After census night
Clemence’s resistance, Asquith’s betrayal
in Vanishing for the vote
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Tabloid newspapers now splashed photographs of census evaders over their front pages. Tuesday's Daily Sketch even depicted slumbering bodies inside Manchester's ‘Census Lodge’. The broadsheets looked soberly at the broader picture. Tuesday's Times editorialized: ‘The Census: Failure of Suffragist Efforts at Evasion’. Thus two census narratives began to emerge, each claiming victory. John Burns stood up in the Commons on Wednesday and unperturbedly claimed that the number of census evaders ‘is altogether negligible’. At which the MPs cheered. Elsewhere, the WSPU and WFL waited anxiously for court summons and arrests. None came. The suffragettes celebrated their victory. The summer was indeed a time of suffrage optimism. In June, 40,000 women marched together in procession, constitutionalists and militants alike. Tax resisters seized propaganda opportunities. The highest-profile resister was modest but well-connected Clemence Housman. Imprisoned in Holloway, her case went right up to Asquith's office. Suddenly Clem was released early. However, in November Asquith unexpectedly announced a manhood suffrage measure ~ leaving women out once again. Suffrage organizations reacted furiously, the WSPU with window-smashing, and later arson attacks on empty buildings. The story of these last 2½ years of peace is told elsewhere.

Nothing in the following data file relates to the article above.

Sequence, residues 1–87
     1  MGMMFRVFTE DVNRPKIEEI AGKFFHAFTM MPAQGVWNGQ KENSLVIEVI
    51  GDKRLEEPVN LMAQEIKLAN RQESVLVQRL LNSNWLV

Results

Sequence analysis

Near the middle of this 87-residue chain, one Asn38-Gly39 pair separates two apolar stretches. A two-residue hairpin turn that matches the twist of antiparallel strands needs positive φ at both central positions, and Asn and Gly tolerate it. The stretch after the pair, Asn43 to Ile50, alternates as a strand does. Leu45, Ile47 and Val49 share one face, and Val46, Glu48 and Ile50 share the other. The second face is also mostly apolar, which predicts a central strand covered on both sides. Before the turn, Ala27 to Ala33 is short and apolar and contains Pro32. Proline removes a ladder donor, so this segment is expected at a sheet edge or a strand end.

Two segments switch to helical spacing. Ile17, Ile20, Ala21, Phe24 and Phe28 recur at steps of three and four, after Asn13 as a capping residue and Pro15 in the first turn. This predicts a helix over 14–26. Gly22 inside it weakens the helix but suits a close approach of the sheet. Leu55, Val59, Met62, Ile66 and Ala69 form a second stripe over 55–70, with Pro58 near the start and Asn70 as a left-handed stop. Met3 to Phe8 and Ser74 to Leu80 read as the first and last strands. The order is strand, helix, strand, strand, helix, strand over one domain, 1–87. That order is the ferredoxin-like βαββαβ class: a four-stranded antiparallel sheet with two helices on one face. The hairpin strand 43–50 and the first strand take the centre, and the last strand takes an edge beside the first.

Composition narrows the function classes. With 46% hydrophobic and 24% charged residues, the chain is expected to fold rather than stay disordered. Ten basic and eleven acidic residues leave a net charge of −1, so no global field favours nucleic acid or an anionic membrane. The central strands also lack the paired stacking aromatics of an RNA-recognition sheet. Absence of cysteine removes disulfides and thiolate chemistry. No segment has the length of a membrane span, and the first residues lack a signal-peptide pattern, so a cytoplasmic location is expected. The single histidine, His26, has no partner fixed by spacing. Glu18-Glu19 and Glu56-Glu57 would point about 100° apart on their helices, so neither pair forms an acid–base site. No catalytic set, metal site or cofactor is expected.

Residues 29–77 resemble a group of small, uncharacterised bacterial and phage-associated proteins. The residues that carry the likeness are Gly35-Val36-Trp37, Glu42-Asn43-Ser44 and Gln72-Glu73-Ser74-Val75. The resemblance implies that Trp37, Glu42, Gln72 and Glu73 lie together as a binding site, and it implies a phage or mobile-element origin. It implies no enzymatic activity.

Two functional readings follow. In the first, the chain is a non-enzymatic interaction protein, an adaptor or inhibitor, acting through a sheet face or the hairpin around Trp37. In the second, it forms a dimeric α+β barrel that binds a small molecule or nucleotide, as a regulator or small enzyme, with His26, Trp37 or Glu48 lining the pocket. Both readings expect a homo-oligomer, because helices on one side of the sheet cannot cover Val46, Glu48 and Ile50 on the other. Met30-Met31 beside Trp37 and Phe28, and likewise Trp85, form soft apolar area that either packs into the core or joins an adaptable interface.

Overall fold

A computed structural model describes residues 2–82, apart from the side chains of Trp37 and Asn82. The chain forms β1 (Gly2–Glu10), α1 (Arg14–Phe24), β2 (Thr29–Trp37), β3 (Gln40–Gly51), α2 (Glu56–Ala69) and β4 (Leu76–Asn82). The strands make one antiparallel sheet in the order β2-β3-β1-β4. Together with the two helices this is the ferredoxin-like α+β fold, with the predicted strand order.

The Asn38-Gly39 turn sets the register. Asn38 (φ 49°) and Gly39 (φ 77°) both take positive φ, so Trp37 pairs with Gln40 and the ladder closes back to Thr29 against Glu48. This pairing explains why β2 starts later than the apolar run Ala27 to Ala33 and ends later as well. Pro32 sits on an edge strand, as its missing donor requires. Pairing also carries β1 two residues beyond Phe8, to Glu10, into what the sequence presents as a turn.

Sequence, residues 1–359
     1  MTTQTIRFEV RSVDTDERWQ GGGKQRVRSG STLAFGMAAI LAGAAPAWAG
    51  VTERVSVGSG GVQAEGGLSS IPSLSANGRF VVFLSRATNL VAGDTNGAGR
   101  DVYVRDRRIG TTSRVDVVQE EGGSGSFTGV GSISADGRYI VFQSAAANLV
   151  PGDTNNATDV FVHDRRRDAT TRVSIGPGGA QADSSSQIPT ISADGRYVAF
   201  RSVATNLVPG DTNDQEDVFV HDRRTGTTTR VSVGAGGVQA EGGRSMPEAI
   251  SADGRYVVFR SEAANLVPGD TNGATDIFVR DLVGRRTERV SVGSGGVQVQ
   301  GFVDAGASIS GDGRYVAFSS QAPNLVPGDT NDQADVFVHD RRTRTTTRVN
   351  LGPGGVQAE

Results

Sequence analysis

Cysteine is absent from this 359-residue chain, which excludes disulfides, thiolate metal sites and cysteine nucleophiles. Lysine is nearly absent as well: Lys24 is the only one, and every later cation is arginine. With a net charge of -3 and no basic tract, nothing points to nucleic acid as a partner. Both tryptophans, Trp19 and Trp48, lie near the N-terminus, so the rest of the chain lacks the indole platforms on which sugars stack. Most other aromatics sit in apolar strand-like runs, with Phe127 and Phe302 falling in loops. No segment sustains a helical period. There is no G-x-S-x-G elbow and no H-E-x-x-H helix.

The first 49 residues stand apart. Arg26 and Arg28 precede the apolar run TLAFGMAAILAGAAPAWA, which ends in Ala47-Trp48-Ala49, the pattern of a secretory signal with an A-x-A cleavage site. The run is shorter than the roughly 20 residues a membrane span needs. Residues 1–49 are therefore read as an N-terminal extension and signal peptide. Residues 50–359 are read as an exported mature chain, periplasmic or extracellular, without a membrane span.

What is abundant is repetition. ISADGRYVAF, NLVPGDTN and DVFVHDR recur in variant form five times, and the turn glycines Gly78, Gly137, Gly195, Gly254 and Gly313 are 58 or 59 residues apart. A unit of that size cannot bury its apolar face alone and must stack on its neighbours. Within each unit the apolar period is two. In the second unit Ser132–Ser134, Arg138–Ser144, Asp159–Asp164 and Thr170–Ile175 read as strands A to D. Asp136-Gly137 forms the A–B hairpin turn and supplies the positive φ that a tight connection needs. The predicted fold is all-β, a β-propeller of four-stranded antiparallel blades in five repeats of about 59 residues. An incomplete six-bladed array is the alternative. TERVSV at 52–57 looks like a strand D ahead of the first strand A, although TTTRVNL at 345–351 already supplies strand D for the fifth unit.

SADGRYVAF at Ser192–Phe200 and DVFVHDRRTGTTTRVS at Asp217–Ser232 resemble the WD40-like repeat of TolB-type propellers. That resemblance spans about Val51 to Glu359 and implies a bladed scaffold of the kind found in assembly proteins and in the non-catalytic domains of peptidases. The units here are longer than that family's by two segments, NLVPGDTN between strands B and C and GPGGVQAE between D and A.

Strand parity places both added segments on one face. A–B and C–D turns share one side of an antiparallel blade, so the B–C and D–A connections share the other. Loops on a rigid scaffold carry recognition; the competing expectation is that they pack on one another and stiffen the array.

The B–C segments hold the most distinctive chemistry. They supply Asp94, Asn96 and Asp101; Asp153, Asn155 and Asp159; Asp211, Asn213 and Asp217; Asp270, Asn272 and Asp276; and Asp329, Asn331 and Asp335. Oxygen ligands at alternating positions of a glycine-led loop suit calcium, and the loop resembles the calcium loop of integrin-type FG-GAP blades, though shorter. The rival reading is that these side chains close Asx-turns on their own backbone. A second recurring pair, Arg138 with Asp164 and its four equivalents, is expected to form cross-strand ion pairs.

Vanishing for the vote

Suffrage, citizenship and the battle for the census

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